_$ (setq modelSpace (vla-get-ModelSpace (vla-get-ActiveDocument (vlax-get-Acad-Object))))
#<VLA-OBJECT IAcadModelSpace 018ade24>

Now run a dump on the modelSpace Object :

_$ (vlax-dump-object modelSpace T)
; IAcadModelSpace: A special Block object containing all model space entities
; Property values:
; Application (RO) = #<VLA-OBJECT IAcadApplication 00adc088>
; Count (RO) = 0
; Document (RO) = #<VLA-OBJECT IAcadDocument 00ee0f84>
; Handle (RO) = "18"
; HasExtensionDictionary (RO) = 0
; IsLayout (RO) = -1
; IsXRef (RO) = 0
; Layout (RO) = #<VLA-OBJECT IAcadLayout 018ad934>
; Name = "*MODEL_SPACE"
; ObjectID (RO) = 21871808
; ObjectName (RO) = "AcDbBlockTableRecord"
; Origin = (0.0 0.0 0.0)
; OwnerID (RO) = 21871624
; XRefDatabase (RO) = AutoCAD.Application: No database
; Methods supported:
; Add3DFace (4)
; Add3DMesh (3)
; Add3DPoly (1)
; AddArc (4)
; AddAttribute (6)
; AddBox (4)
; AddCircle (2)
; AddCone (3)
; AddCustomObject (1)
; AddCylinder (3)
; AddDim3PointAngular (4)
; AddDimAligned (3)
; AddDimAngular (4)
; AddDimDiametric (3)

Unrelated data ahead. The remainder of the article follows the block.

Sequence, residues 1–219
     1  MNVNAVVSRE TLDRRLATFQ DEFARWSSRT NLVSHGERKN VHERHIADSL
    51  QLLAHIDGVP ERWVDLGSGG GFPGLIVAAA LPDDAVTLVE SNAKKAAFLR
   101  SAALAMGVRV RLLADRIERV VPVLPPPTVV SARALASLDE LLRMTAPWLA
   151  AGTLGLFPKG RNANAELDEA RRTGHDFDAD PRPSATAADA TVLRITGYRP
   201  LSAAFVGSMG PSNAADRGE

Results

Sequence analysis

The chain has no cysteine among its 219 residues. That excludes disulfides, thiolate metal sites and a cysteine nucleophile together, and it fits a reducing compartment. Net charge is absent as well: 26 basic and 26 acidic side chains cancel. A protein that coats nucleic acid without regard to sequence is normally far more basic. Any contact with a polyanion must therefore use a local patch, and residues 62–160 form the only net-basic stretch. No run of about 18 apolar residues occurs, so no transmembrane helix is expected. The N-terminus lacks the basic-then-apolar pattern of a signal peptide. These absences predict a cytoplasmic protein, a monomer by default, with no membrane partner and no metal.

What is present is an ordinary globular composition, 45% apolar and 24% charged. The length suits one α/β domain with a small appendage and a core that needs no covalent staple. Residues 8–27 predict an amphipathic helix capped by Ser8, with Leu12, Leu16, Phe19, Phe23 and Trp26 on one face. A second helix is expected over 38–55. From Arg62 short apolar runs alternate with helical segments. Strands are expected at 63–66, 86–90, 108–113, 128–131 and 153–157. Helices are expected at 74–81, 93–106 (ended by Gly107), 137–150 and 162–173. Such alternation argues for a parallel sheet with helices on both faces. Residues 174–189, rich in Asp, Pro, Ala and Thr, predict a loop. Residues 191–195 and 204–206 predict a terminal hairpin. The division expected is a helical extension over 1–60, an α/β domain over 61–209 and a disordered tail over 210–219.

; AddDimOrdinate (3)
; AddDimRadial (3)
; AddDimRotated (4)
; AddEllipse (3)
; AddEllipticalCone (4)
; AddEllipticalCylinder (4)
; AddExtrudedSolid (3)
; AddExtrudedSolidAlongPath (2)
; AddHatch (3)
; AddLeader (3)
; AddLightWeightPolyline (1)
; AddLine (2)
; AddMInsertBlock (10)
; AddMLine (1)
; AddMText (3)
; AddPoint (1)
; AddPolyfaceMesh (2)
; AddPolyline (1)
; AddRaster (4)
; AddRay (2)
; AddRegion (1)
; AddRevolvedSolid (4)
; AddShape (4)
; AddSolid (4)
; AddSphere (2)
; AddSpline (3)
; AddText (3)
; AddTolerance (3)
; AddTorus (3)
; AddTrace (1)
; AddWedge (4)
; AddXline (2)
; AttachExternalReference (8)
; Bind (1)
; Delete ()
; Detach ()
; GetExtensionDictionary ()
; GetXData (3)
; InsertBlock (6)
; Item (1)
; Reload ()
; SetXData (2)
; Unload ()
T

Interesting hey? Now let's draw something. Enter this coding :

(setq pt1 (getpoint "\nSpecify First Point : "))
(while (setq pt2 (getpoint "\nSpecify next point : " pt1))